How the New Wave of Tech is Making Old School Sales Obsolete


Social media and time-saving tech have forever changed the way all of us function both in our personal and professional lives, so it was only a matter of time before they transformed B2B sales too.

Here at LinkedIn, we observe a lot of different behaviors in terms of how buyers and sellers interact. In recent years, we’ve seen a number of disruptive technologies and novel sales practices become mainstream.

Here’s what we see:  technology is transforming the sales profession, from the way leads are generated, to the conversations that happen once the “digital handshake” is made. To a large extent, it’s accelerating connections, shortening sales cycles, and bringing a new level of transparency that is unlike anything buyers and sellers have ever experienced.

To shed light on the evolving sales landscape, we conducted our second annual State of Sales study to understand the impact social networks, business collaboration software and other technologies are having on the overall sales ecosystem.

We commissioned CensusWide, a market research agency, to survey over 2,000 U.S. based B2B sales pros and buyers, to capture a 360-degree view of the technologies and strategies that leading salespeople are using to stand apart from their peers, and how these approaches are landing with buyers. Here’s what we found:

Sales Tech Is No Longer A “Nice To Have,” It’s Table Stakes

The digital sales stack is now firmly established at the foundation of successful sales organizations. This year’s survey shows that companies are receiving the message loud and clear and accelerating tech use in sales strategies accordingly:

  • 98% of top salespeople report using sales technology on the job

  • 90% of salespeople report that sales technology is either “important” or “very important” to closing deals


  • 62% of top salespeople — those who exceeded their projected target revenue by more than 25% — strongly attribute closing more deals to incorporating social networks into their sales strategy

  • 94% of salespeople who are familiar with social tech say it provides them with valuable insights for connecting with customers and prospects

  • 70% of salespeople expect to invest more time leveraging social tech strategies in the next twelve months, a striking 45% increase year-over-year

  • On the decision-maker side, leveraging social networks is having an impact, too. This year’s survey found that buyers prefer working with salespeople who use professional and social networks to better understand their needs and provide more tailored and timely offerings.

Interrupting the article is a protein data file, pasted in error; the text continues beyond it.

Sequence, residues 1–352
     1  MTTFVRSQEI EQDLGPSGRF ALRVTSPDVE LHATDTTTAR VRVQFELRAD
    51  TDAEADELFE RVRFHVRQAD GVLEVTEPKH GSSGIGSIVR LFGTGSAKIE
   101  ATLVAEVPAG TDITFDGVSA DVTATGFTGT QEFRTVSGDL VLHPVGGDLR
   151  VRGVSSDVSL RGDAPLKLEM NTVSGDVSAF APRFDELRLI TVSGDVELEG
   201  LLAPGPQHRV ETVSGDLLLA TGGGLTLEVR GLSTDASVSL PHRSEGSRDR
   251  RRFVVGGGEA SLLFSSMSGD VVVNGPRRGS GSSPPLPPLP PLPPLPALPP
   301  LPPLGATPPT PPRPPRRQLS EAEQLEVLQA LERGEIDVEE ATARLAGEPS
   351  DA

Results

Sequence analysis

• 77% won’t engage with salespeople who don’t have insights or knowledge of their business

  • 62% look for an informative LinkedIn profile when deciding whether to work with a sales professional, and 85% consider it important for them to have existing connections with people at their company

  • 69% of millennial buyers are more likely to speak with a sales professional who has a professional social media presence



  • 56% of Millennials are using collaboration tools such as Box, Google Docs, Microsoft Office and Dropbox, compared to 40% of Baby Boomers

  • 40% of Millennials use productivity apps like Asana, Smartsheet and Trello as part of their daily role, compared to 17% of Baby Boomers

  • 39% of Millennials use enterprise communication apps like Slack and Salesforce Chatter in their day-to-day role, compared to 15% of Baby Boomers

  • 61% of those that have been in service for between 6-8 years use collaboration tools, compared to 48% of those with less than 2 years’ experience

    Buyers Discredit Negative Media Portrayals of Salespeople  

    We found that perceptions of salespeople are changing as well. Results show that decision-makers increasingly view salespeople as trusted advisors — a far cry from the overtly opportunist image that once overshadowed the profession.

  • 79% agree that the negative Hollywood portrayals misrepresent the profession

  • The top three terms used to describe how the media portrays salespeople are “sneaky” (38%) “devious” (35%) and “aggressive” (32%)



While sales tech has changed how the profession functions, relationships have always been — and still remain — at the heart and soul of sales. While tech is no substitute for the human element, our State of Sales report shows that when used strategically and appropriately, it helps overcome hurdles and brings buyers and sellers together for the greater good of both.

SOURCE: LinkedIn Blog